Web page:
Human Lives Human Rights: Biden called Saudi Arabia a “pariah” as he entered the office and promised to put human rights at the center of his foreign policy.
However, the regional experts say that he has failed to impose serious costs on Riyadh, while emboldening the kingdom’s day-to-day ruler, Crown Prince Mohammed Bin Salman, to act with impunity when it comes to respecting human rights, including the targeting of dissidents.
The administration stresses it brings up the issue of human rights in its meetings with Saudi officials, continuing to raise the murder of Jamal Khashoggi at the hands of a Saudi hit squad operating with the approval of the crown prince.
Meanwhile, it also views the relationship between Washington and Riyadh as vital.
Secretary of State Antony Blinken, standing alongside the Saudi foreign minister at the State Department on Thursday, said the two countries work together on “very significant issues, from climate to energy to Yemen to Iran.”
The secretary added that he would also talk “about the continued progress we hope to see in Saudi Arabia on rights.”
But critics argue that the Saudis are dismissing such rhetoric from the administration.
Advocates say that the disappearance and jailing of dissidents is ongoing, allegations of torture in prison are widespread and decades-long sentences are out of proportion with the alleged crimes.
“I think the Saudis are showing their utter contempt for Joe Biden’s human rights policy,” said Bruce Riedel, a senior fellow and director of the Brookings Intelligence Project who has served four presidents as an adviser on the Middle East.
“They’ve had more than eight months now to size up the administration and they’ve come to the conclusion that it’s not serious on this issue.”
Areej Al Sadhan, whose brother Abdulrahman was sentenced to 20 years in prison and a 20-year travel ban in Saudi Arabia for running a satirical Twitter account that was deemed critical of the Kingdom, is calling for the president to more forcefully hold Riyadh to account.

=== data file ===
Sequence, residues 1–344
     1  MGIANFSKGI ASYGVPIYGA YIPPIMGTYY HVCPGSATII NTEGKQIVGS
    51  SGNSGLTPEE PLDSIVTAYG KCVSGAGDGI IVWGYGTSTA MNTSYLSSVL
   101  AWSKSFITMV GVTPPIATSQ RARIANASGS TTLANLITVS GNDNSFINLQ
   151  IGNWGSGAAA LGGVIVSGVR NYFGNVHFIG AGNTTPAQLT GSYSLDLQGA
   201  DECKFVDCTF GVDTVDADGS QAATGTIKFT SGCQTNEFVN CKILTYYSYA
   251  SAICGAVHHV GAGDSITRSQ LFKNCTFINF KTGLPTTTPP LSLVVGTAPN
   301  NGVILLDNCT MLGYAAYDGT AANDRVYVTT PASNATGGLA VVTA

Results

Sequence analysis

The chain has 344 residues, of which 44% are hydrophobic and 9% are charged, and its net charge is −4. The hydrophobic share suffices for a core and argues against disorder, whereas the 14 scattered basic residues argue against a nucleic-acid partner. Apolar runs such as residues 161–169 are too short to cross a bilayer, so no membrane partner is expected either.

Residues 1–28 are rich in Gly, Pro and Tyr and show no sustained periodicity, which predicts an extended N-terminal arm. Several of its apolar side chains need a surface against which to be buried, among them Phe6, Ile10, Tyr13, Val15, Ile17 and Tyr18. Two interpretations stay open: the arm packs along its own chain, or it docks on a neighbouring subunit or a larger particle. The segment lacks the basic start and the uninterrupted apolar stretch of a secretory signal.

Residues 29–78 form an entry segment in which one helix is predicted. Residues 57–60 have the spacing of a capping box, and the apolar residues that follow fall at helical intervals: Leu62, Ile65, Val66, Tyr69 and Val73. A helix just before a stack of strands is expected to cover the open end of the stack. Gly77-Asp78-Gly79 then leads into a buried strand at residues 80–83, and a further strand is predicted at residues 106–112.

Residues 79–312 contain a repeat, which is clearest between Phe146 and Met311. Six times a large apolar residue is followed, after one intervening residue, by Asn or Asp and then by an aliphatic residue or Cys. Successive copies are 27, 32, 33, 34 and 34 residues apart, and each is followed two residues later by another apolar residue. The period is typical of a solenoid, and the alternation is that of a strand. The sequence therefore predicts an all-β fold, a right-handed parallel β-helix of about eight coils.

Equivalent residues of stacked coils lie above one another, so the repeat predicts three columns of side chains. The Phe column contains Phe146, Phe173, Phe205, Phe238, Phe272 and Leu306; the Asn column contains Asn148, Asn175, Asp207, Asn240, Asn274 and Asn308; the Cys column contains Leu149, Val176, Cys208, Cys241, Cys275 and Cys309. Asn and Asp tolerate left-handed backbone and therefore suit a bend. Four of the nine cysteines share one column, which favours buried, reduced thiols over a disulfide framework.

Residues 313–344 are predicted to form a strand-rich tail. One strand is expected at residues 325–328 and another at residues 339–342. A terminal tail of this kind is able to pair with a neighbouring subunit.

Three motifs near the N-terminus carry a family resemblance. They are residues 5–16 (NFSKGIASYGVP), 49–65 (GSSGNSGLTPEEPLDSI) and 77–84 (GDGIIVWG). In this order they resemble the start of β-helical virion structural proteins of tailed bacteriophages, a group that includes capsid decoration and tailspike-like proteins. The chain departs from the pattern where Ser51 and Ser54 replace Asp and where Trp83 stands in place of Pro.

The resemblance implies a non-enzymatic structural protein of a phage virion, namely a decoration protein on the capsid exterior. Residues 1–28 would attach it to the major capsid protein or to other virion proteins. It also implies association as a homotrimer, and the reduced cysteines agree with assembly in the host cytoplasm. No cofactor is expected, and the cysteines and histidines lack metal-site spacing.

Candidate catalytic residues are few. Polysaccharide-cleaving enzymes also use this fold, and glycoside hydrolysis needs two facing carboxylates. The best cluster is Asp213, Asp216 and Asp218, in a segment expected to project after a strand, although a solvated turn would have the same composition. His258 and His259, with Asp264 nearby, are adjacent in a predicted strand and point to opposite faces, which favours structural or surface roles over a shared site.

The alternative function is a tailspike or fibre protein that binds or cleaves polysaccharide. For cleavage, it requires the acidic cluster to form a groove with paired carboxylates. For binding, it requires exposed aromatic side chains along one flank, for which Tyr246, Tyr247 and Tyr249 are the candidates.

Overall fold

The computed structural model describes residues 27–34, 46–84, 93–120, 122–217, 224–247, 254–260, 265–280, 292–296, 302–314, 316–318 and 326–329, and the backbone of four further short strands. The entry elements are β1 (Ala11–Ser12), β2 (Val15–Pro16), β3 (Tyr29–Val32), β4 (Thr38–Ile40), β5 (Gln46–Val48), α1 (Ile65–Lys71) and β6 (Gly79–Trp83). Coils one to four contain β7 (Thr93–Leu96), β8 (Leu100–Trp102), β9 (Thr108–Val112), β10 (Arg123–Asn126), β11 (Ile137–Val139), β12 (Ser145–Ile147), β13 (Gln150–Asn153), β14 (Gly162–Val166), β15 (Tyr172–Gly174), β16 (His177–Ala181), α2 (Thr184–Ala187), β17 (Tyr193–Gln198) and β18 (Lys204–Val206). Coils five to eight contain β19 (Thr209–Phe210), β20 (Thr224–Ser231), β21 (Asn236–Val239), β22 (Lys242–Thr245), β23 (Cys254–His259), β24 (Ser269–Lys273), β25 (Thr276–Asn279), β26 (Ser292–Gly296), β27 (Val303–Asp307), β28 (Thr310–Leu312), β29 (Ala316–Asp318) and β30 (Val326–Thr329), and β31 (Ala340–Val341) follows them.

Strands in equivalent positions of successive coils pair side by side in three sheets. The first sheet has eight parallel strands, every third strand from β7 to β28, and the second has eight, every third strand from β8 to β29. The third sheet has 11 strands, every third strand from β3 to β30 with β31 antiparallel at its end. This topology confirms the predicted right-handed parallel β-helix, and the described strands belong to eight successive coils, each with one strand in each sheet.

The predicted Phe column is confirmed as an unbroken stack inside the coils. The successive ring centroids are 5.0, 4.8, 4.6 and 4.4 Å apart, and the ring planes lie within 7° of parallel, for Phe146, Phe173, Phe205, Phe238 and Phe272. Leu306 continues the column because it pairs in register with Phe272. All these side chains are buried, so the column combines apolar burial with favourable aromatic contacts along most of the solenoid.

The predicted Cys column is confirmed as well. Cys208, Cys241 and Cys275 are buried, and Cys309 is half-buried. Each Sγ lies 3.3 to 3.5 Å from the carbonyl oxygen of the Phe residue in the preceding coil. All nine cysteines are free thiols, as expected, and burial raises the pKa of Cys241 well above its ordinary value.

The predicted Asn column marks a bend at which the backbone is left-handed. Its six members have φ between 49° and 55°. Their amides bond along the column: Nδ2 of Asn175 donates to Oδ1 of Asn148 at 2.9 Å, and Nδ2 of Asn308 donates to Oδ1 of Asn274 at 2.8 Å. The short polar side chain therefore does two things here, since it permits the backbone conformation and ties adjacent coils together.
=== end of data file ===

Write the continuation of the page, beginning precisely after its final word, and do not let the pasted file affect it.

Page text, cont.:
He’s one of 89 U.S. persons that the nonprofit group Freedom Initiative estimates have been disappeared, detained, or under travel bans at some point in 2021 in Saudi Arabia, according to a report they published this month.
In the weeks leading up to, and following, Biden’s inauguration, Saudi Arabia did appear to take steps to address some of its most criticized behavior.
This included releasing in February the prominent women’s rights activist Loujain al-Hathloul, who weeks earlier was sentenced to nearly six years in prison for protesting the ban on women driving.
Biden held a call with Saudi’s King Salman at the time where he “noted positively” the release of al-Hathloul and other Saudi-American activists.
Cathryn Grothe, a research associate at the human rights and democracy-focused organization Freedom House, said they continue to document Saudi authorities targeting outspoken critics and journalists with surveillance, disproportionate criminal penalties and harassment online and in the real world.
“There’s still hundreds of journalists and activists, bloggers, government critics who are continually harassed,” Grothe said.
“We also know, I think just in the last year, there have been reports of incredible torture in Saudi prisons, the mistreatment of those held in detention. All of this together paints a very grim picture.”
Grothe added that Abdulrahman’s case stands out in particular for the 40-year sentence, calling it “one of the longest we’ve seen handed out for, specifically an online offense, at least in the last few years.”
Varsha Koduvayur, geopolitical analyst with the security analysis firm Valens Global, said the fallout from the Biden administration’s chaotic exit from Afghanistan has made it more reliant on regional partners, with close cooperation prioritized over efforts to press for human rights reforms.
“The administration has put itself in a bind where it cannot be as forceful on human rights without fearing some loss of cooperation with Saudi Arabia or a disruption to its regional strategy,” she said.
“There was space to have pursued human rights while also preserving the areas of cooperation with Saudi Arabia, but the administration did not pursue this vigorously enough. It’s a bind of its own making, though.”
The administration is unlikely to come under much pressure from Congress.